For years now, China and Russia have been making massive investments across Africa – unlike the West, which is disinvesting in Africa except for a few grants and loans with killer interest rates that continue to shackle Africa in debt. On the other hand, the BRICS nations – especially Russia and China – are offering some African countries more energy and transportation infrastructure, free grain, and helping to develop African manufacturing. In exchange, the BRICS nations are hoping to establish a business and strategic foothold in Africa and to receive revenue from the numerous infrastructure projects across the continent. This will likely give BRICS access to the continent’s raw materials in a bid to reduce Western influence in Africa.
The West will likely be a little less transparent by offering aid, with strings and conditions attached as usual. Africa could also witness an increase in development aid and loans from the World Bank and IMF, more visa lotteries for African citizens, as well as more military pacts and alliances. Sadly, these military pacts do not in any improve investments in Africa; they only protect the interest of Western powers in Africa. Visa lotteries and similar programmes have succeeded in luring African professionals to the USA and Europe, without the rich countries contributing in any way to the training of professionals in Africa. This has become a drain on Africa’s manpower needs as much as it is unethical.
Respect for culture
Furthermore, the United States and Europe will expect African countries to conform to Western ‘norms’ like the LGBTQI agenda. While in Ghana, Mrs. Harris reiterated the Western notion that LGBTQI is a right – which the West expects African countries to conform with. In response, Ghana’s President Akufo-Addo said the bill on banning LGBTQI in Ghana is still undergoing parliamentary process. President Akufo-Addo stopped short of telling the United States Vice President that Ghana will pass the bill banning LGBTQI into law.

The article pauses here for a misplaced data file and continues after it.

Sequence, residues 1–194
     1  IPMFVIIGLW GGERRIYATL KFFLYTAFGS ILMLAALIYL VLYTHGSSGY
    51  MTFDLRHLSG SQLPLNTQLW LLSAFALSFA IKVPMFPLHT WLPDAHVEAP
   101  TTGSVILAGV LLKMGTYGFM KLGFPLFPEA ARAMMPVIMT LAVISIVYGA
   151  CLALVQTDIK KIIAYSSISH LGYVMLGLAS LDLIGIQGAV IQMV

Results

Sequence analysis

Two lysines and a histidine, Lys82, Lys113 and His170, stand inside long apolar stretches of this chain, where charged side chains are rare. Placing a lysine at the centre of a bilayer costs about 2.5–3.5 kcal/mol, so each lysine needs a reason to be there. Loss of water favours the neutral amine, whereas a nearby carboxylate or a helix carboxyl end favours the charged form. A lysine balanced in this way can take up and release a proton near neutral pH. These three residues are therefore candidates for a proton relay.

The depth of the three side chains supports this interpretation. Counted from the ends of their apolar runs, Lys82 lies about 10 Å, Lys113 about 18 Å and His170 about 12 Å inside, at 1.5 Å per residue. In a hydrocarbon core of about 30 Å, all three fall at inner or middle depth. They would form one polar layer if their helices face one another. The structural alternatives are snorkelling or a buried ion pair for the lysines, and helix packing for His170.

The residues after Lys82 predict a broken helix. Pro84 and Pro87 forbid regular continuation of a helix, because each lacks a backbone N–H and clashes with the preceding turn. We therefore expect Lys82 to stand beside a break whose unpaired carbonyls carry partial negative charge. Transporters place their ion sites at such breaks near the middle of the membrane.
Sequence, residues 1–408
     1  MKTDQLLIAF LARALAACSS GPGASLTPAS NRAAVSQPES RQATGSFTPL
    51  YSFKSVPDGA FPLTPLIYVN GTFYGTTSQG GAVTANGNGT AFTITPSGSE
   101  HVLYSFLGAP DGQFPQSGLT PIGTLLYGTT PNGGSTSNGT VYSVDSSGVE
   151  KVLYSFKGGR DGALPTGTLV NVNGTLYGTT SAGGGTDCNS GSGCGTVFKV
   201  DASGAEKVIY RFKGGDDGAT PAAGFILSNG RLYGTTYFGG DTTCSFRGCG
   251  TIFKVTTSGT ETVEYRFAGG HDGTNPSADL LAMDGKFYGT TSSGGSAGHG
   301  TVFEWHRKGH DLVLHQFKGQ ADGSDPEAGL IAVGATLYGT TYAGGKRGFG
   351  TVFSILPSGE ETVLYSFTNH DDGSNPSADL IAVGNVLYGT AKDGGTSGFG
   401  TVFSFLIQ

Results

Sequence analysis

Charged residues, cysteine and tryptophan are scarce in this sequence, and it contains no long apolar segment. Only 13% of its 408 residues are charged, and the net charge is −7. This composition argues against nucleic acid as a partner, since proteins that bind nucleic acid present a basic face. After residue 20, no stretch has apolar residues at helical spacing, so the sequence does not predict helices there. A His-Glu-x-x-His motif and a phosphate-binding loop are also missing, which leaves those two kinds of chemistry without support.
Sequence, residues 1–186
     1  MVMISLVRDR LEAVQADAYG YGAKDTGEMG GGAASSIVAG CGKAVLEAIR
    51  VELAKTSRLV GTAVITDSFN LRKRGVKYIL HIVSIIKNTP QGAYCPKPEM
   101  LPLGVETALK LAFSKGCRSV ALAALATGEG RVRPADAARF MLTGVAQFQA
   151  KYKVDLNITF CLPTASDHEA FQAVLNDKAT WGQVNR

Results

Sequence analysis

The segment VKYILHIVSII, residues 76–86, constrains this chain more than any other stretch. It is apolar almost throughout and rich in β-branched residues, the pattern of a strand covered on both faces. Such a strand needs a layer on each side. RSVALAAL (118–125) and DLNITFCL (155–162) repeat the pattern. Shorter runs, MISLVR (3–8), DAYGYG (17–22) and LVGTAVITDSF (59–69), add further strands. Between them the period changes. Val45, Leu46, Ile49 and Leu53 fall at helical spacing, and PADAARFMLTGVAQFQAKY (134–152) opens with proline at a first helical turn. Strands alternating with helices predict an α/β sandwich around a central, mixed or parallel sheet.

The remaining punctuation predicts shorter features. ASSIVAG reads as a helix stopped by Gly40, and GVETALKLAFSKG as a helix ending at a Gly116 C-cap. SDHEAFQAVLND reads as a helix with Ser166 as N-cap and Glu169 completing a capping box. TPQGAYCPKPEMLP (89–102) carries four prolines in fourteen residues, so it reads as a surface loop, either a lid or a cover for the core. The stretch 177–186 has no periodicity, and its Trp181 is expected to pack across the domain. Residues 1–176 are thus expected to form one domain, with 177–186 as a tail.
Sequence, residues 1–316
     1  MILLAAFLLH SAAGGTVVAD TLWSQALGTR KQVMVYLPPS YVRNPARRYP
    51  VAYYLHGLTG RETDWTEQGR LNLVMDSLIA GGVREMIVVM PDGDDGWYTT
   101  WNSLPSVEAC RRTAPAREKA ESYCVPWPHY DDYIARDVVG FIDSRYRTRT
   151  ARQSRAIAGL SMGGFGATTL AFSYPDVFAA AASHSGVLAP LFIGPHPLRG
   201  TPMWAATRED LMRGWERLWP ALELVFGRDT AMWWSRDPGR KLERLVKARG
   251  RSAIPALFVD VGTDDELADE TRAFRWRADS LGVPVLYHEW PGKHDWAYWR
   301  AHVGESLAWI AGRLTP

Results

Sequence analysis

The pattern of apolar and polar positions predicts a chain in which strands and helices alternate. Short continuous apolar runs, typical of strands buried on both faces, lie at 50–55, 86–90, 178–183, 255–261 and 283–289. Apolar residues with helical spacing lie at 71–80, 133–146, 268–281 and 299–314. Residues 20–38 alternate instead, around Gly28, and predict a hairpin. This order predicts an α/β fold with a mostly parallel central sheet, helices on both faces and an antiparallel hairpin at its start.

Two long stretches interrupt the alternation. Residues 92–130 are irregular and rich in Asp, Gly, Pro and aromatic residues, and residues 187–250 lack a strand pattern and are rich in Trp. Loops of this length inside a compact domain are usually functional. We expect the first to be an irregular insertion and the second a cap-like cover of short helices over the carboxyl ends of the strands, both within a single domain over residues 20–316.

Some analysts think the president missed an opportunity to once more state Ghana’s strong position against LGBTQI and the West’s attempts to impose it on us. Others think that for the first time President Akufo-Addo appeared jittery in stating Ghana’s position on the West’s attempted imposition of LGBTQI on Ghana and Africa. The latest development has raised uneasiness among many interest groups – especially the clergy, which are pushing for the bill to be passed.
Conversely, the BRICs countries respect African social, religious and moral norms and will not make LGBTQI a condition for development aid or investments. Since the end of overt colonialism, African countries have been compelled to allow Western companies more access to Africa’s natural resources – which have fed and continue to feed Western industries. In fact, no power bloc has humiliated and exploited Africa’s human and natural resources more than the Western bloc.